News Election 2016 Watch: Aboriginal elder ‘abuses’ Pauline Hanson
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Watch: Aboriginal elder ‘abuses’ Pauline Hanson

pauline hanson aboriginal elder
Pauline Hanson speaks on a mobile phone. Photo:AAP
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A prominent Aboriginal elder has told One Nation senator Pauline Hanson to “go back to Ipswich” as she tried to enter the Cairns Indigenous Art Fair.

The confrontation between Murrandoo Yanner and Ms Hanson was caught on camera and has garnered more than 1.2 million views on Facebook since Saturday.

In the clip, Ms Hanson can be seen walking away from Mr Yanner as he yells at her.

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“Now you are kicking the Muslims around, you are just a racist redneck with your red hair,” he says.

“Go away, go back to Ipswich and your fish and chip shop, you’re disgraceful, you are intellectually dishonest and you are not welcome here.”

Ms Hanson was elected as a senator in Queensland in the July 2 federal election.

Watch Ms Hanson get rejected:

In a video later posted on Facebook, Ms Hanson said she was “ashamed” by the incident but invited Mr Yanner to work with her.

“Really ashamed to see what happened with Murrandoo Yanner on the steps and his abuse of me,” she said.

“This man stands for a lot of issues that I stand for as well and that I have spoken about 20 years ago.”

One of the issues she pointed to was violence and alcoholism in Aboriginal communities.

Watch Ms Hanson’s response:

“Another one of my issues that I spoke out against and I got called racist, and Noel Pearson came out and said it and he gets pat on the back,” she said.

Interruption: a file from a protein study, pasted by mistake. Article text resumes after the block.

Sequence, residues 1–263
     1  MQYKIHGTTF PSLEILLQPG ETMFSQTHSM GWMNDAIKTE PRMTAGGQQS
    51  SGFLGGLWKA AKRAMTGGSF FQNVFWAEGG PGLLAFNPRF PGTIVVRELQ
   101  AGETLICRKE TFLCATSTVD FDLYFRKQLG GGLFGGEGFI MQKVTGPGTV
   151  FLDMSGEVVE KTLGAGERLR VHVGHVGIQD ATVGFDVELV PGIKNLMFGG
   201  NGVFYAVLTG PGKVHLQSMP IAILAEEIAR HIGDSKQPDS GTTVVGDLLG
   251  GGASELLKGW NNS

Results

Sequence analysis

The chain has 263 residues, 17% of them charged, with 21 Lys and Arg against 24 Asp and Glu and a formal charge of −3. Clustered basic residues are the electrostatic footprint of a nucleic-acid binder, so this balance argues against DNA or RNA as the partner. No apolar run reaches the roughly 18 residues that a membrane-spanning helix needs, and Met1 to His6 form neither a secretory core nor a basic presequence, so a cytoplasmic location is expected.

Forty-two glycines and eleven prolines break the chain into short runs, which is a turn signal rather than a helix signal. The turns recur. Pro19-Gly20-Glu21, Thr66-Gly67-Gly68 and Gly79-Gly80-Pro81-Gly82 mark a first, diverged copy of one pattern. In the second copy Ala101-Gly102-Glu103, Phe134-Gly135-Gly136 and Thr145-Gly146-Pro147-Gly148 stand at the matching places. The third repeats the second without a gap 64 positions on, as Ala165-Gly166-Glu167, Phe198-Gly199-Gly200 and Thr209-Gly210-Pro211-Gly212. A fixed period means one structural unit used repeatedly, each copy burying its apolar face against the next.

She said Mr Yanner could “make a big difference” with her.

pauline hanson aboriginal elder
Mr Yanner said Ms Hanson was unwelcome. Photo: ABC

“Please let’s work together on these issues. They’re important to me and important to Aboriginal people,” she said.

“I think the perception about me was wrong and I’m here to support the Aboriginal community and Torres Strait Islanders. I’m your representative.”

The One Nation party leader made her first appearance in politics 20 years ago.

She had previously criticised Aboriginal and Torres Strait Islander people for getting what she has referred to as special and preferential treatment.

Ms Hanson was a member of the federal House of Representitives from 1996 to 1998.

Since then she has contested a series of state and federal elections.

Ms Hanson has courted widespread controversy for her attitudes toward Asian and Muslim immigration.

She also campaigned for the Senate on opposing Halal food certification and to try and influence a royal commission into Islam in Australia.

– with ABC

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